Lost Shoes

Hind shoe stepped on by opposite hind.

The last two weeks of July I saw more lost shoes than I have ever seen in my entire career in the same amount of time, outside of working an eventing horse trials. I put back on four shoes for my own clients and seven for other farriers in the span of only one week. Lost shoes are despised by horse owners and farriers alike, so what are some of the reasons for lost shoes, and how can we prevent them?

Shoe nearly off from stomping flies.

Shoes come off for a variety of reasons, though a majority of the time it is due to the horse stepping on the edge of the shoe. When a shoe is stepped off, it is generally a hind foot stepping on a front shoe, and occasionally a front or hind stepping to the side on its pair. As a horse moves, the hind feet land in nearly the same place as the fronts were or for some horses even further forward. It only takes a small misstep from the horse to catch his shoe enough to pull it off. A misstep can be caused by rough terrain, slick or deep mud, or even a rider losing their balance. Shoes can also be stepped off more easily due to poor quality hoof wall, white line disease, poor nailing, the horse being overdue for a trim or fitting a shoe too full. Some shoes are also pulled easier, a horse wearing egg bar shoes for instance should not be turned out in a muddy field because they are likely to pull a shoe.  Because of a horse’s conformation, some are also more likely to overreach and pull off a shoe or injure themselves. They can also be pulled by a horse pawing at a wire fence, stomping flies or catching it on an object such as inside a trailer or stall. In the case of the two weeks recently, it was a combination of lots of rain that softened hooves and then dry spells with hard ground and bad flies.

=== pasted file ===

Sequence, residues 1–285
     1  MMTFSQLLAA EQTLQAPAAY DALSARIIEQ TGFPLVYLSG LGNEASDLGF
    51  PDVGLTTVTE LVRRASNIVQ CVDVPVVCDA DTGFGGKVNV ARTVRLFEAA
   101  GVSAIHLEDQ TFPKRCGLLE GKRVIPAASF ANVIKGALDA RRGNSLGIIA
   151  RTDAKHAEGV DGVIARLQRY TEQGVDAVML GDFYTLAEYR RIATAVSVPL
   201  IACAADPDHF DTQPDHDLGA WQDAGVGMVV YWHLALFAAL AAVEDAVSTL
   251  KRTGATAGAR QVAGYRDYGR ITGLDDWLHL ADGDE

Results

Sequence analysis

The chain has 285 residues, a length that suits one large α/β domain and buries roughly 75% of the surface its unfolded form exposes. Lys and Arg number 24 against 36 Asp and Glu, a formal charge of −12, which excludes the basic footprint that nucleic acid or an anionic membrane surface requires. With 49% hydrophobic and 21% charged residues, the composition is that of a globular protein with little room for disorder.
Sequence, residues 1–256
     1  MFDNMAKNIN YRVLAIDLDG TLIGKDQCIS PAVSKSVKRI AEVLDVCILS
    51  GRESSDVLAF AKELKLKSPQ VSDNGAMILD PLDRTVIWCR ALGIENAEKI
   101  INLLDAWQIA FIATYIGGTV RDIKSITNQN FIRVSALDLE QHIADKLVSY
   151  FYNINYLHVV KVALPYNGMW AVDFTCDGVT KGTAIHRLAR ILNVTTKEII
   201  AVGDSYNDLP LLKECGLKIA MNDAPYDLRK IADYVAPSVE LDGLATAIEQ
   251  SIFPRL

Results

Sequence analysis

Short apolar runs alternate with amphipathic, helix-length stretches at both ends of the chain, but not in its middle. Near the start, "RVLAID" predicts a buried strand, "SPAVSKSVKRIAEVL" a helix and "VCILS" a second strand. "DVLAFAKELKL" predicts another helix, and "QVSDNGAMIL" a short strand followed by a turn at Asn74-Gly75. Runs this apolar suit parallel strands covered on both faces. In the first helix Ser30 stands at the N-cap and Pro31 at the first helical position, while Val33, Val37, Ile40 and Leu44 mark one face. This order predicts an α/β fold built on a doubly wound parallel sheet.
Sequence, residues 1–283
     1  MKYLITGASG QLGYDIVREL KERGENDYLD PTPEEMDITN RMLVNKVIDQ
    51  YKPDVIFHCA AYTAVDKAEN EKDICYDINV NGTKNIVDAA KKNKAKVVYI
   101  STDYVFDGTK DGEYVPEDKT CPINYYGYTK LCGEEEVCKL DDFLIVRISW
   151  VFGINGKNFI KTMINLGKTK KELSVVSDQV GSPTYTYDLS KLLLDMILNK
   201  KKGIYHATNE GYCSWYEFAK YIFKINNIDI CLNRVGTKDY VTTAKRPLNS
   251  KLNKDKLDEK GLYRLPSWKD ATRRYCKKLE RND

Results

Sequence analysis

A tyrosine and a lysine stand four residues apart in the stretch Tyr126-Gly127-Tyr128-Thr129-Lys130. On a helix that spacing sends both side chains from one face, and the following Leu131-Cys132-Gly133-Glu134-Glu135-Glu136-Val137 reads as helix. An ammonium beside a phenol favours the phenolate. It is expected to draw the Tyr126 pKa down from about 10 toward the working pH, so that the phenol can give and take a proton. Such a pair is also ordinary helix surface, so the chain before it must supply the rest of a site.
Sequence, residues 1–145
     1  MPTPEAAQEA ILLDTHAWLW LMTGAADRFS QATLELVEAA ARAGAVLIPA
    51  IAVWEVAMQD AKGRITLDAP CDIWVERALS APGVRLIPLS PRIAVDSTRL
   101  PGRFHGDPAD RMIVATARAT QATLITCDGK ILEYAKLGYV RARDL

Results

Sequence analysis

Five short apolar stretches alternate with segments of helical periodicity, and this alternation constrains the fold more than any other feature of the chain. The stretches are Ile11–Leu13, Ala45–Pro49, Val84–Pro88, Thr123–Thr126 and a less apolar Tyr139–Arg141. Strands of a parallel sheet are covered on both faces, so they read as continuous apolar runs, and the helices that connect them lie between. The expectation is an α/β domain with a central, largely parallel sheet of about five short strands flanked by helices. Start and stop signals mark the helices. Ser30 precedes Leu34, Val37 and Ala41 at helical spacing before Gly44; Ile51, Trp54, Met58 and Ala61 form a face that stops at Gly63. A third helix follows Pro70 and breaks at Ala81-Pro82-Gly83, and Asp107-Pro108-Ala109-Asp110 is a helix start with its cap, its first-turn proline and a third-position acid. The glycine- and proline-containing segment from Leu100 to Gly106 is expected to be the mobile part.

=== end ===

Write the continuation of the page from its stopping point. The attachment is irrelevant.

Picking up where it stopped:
Toe clip.

Horse owners can help prevent lost shoes as well, properly fitting bell boots are certainly a good solution for horses that tend to overreach, as well as a great preventive measure for horses with jobs like cross-country. Keeping horses on a regular schedule with a quality farrier will keep the horse’s hooves in better condition which will help to reduce the number of lost shoes. Regular maintenance around the farm can also help, sagging wire fences, bailing twine left in the field and excessive mud can all contribute to the issue of losing shoes.  Nutrition, which plays a major role in the health and quality of the hoof, also has an impact on the number of lost shoes. The healthier the hoof the more likely shoes are to stay on.

At Dixie’s Farrier Service we do our best to provide the highest quality work possible as well as caring for you and your horse. A farrier’s work should certainly not be judged based on how long the shoes stay on (a future post will be about how to tell the difference between quality work and work that is not). We stand behind our work and will get a lost shoe back on as quickly as possible. Anytime you have an issue with a lost shoe, contact your farrier as soon as possible so they can hopefully get out to you quickly.